Spinal fractures of the cerebral vertebrae accounted for 80% of the spinal cord injuries followed by 18% due to thoracic vertebrae and 2% due to lumbar vertebrae. The most common causes of frontal motor vehicle crash cervical spine fractures were related to head contact with the steering wheel or its hub, deployment of the airbag resulting in the cover being driven into the face/jaw, and contact with the central or right instrument panel (passenger). In some cases it was found that the intrusion of the pillar separating the front window from the side door contacting the head was responsible for spinal fracture. For side crashes, it was found that spine fractures were most commonly caused by head contact with the other vehicle's intruding hood, contact with the window frame, pillar or direct contact with a fixed object (e.g. tree or telephone pole).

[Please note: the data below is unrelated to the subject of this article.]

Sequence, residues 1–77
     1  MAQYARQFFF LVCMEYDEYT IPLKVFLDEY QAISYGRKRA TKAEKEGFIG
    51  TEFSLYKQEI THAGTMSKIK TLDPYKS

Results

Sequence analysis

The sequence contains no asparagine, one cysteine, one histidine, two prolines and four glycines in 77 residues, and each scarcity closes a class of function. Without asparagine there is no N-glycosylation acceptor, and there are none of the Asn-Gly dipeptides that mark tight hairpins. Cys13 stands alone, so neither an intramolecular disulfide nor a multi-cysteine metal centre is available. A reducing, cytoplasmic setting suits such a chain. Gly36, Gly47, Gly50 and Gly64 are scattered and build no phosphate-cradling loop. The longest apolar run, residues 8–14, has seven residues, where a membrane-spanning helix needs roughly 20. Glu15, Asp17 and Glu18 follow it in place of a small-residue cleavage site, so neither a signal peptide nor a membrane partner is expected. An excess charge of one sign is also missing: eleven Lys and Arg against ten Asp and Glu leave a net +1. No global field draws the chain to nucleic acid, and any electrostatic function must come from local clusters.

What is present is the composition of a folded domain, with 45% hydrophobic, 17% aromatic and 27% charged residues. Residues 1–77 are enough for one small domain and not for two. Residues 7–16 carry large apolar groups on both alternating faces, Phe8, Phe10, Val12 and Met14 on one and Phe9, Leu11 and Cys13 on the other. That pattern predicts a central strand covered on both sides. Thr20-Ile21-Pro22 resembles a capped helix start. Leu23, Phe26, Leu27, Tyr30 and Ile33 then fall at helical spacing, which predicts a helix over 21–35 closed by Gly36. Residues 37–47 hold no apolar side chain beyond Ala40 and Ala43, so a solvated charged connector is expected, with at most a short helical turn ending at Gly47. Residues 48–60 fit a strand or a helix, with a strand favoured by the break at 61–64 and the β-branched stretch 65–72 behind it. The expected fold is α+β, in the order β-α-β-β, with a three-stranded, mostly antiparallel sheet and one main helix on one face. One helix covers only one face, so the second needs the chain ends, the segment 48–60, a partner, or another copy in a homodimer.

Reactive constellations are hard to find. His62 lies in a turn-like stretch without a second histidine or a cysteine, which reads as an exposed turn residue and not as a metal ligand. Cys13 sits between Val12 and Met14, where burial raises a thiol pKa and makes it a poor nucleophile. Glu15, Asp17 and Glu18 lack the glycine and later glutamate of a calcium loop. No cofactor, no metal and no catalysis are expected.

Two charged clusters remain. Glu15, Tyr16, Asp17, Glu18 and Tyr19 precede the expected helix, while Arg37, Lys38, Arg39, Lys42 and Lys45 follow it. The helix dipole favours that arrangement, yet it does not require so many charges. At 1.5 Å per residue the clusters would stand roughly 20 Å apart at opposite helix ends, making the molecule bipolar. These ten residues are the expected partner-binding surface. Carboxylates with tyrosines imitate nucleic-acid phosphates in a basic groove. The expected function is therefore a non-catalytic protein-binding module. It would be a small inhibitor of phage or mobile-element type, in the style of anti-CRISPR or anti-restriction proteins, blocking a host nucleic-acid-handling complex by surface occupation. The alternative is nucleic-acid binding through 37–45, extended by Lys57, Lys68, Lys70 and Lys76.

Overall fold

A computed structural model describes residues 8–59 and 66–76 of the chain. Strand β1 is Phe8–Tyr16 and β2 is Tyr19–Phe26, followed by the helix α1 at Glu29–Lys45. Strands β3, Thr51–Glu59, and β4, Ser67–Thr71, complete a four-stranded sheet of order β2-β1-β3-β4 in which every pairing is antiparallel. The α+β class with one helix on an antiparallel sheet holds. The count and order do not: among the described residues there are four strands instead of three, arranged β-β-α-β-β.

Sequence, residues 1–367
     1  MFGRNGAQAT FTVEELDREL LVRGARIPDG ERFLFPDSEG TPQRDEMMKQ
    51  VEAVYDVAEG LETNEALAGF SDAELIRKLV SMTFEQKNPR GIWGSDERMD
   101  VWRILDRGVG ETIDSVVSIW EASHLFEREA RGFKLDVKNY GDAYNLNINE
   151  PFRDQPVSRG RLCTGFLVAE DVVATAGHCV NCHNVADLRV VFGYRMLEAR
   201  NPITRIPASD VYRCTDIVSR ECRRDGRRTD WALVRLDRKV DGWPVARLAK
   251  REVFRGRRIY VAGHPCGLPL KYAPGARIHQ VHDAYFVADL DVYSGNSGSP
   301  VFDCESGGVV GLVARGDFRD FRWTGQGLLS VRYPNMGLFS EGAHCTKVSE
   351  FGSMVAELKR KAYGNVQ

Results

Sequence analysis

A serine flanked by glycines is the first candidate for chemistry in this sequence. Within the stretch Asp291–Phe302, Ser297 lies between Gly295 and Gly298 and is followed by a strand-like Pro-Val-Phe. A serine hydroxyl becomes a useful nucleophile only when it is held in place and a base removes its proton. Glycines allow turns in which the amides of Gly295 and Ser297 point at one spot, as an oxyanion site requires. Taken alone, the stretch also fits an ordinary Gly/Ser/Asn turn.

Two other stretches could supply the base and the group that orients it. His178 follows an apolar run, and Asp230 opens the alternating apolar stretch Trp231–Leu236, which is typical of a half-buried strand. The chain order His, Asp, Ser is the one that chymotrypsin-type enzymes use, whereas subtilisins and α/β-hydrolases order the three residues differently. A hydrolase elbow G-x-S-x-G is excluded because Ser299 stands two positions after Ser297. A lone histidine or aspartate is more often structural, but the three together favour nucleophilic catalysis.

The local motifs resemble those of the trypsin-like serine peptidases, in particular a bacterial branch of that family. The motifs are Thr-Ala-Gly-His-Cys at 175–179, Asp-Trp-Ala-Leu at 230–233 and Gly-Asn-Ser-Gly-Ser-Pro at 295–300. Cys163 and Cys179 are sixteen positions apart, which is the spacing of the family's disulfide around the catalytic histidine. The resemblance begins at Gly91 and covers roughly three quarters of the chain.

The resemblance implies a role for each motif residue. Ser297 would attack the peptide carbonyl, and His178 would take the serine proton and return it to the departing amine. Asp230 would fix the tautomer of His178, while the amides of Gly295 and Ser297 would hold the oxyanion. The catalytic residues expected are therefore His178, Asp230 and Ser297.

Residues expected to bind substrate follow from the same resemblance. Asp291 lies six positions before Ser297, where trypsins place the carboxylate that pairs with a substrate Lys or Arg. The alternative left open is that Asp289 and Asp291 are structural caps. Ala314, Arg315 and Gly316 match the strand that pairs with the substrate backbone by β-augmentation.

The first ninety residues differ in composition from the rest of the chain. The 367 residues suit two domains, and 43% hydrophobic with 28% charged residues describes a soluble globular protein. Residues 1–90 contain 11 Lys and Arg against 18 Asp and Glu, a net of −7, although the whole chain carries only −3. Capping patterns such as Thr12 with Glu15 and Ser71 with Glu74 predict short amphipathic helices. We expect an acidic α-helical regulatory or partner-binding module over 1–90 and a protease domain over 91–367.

RELATED INJURIES
Studies have demonstrated links between spinal cord injuries, spine injuries and traumatic brain injury. In a prospective study on 180 patients admitted to hospitals with brain trauma, 31.1% were pedestrians struck by vehicles and 27.7% were car crashes. 7.8% of patients admitted suffered a spinal cord injury (12 injuries were in the cervical spine, 1 in lumbar and 1 in thoracic spine). Patients with upper cervical injury are at risk of skull base fractures and intracranial hematomas.
One research group reviewed patient data and reported on injuries associated with specific spinal fractures sustained in motor vehicle crashes. These researchers found that cervical spine fracture and thoracic spine fracture are both associated with a high rate of brain trauma with an incidence rate of 49% and 39%, respectively. Thoracic injuries (71% vs. 43%), lower extremity fractures (52% vs. 33%) and pelvic fractures (48% vs. 27%) are more commonly associated with thoracic spine fractures than cervical spine fractures.